ECB's President, Christine Lagarde, insisted that inflation will remain above target for a prolonged period.
"We need to find the interest rate that will help us reach 2% (inflation)," Lagarde said.
If they fail to bring it down, she warned that "higher inflation will be expected in the future, and that is dangerous."
The president of the European Central Bank spoke about the projected recession in the face of inflation. A "mild recession" is in place, but it will not be enough to "bring inflation down," European Central Bank (ECB) President Christine Lagarde said. She commented on November 3 at an event in Latvia, where she spoke about the economy's future.
Lagarde warned that the ECB is concentrating on "stabilizing prices" in the Eurozone. "We need to find that interest rate that will help us reach the target we defined of 2% (inflation) in the medium term," she said. Otherwise, he pointed out that prices will continue, even with a recession (drop in economic activity) already projected by different analysts for the coming months.
Lagarde commented during the week that "inflation remains too high across the euro area" and "will remain above target for an extended period." He added, "the longer inflation remains at this high level, the greater the risk of it spreading throughout the economy."
Lagarde expects inflation to continue
With this scenario, Lagarde estimated that if they do not manage to lower it, "consumers and companies will also expect higher inflation in the future, which is dangerous." For this reason, she clarified that the Eurozone would have "more rate hikes in the future" and they are "determined to do whatever it takes to bring inflation back to the 2% target".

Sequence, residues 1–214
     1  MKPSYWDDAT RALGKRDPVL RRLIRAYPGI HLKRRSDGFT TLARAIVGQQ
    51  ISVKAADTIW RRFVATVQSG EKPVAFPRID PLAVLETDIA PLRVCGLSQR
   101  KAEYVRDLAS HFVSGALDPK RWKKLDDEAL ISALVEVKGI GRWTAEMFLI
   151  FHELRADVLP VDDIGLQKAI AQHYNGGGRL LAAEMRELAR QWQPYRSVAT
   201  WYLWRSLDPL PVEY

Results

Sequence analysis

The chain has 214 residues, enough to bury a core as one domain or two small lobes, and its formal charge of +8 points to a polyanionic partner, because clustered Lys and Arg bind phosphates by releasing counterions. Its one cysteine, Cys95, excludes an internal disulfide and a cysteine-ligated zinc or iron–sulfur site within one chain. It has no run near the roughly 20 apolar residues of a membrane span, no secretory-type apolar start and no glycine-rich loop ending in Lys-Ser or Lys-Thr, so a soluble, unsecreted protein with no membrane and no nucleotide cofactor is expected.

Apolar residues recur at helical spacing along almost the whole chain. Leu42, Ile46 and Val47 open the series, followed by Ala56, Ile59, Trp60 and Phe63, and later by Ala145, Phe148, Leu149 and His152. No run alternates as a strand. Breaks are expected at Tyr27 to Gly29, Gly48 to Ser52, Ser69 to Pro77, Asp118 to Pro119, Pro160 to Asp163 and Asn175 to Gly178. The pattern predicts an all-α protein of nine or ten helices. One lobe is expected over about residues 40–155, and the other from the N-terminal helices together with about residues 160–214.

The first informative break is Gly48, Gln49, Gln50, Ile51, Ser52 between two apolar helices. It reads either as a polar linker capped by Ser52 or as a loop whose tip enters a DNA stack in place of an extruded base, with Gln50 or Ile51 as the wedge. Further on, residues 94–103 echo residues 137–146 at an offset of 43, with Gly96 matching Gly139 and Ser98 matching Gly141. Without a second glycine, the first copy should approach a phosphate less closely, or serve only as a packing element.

These comments come a week after the euro zone's estimated year-on-year inflation reached an all-time high of 10.7%. And in the face of that, the ECB set the second consecutive 0.75% interest rate hike, like the U.S. Federal Reserve (Fed).
All this happens while the euro remains at 20-year lows against the dollar, trading at 1:1 parity. Likewise, other currencies have depreciated to record lows in 2022, and inflation continues globally, impacting not only the Eurozone but also the United States and Latin America.
This scenario comes after the heavy printing of banknotes globally during the pandemic boosted inflation, despite Lagarde's assurances that price increases in the Eurozone would slow down by 2022.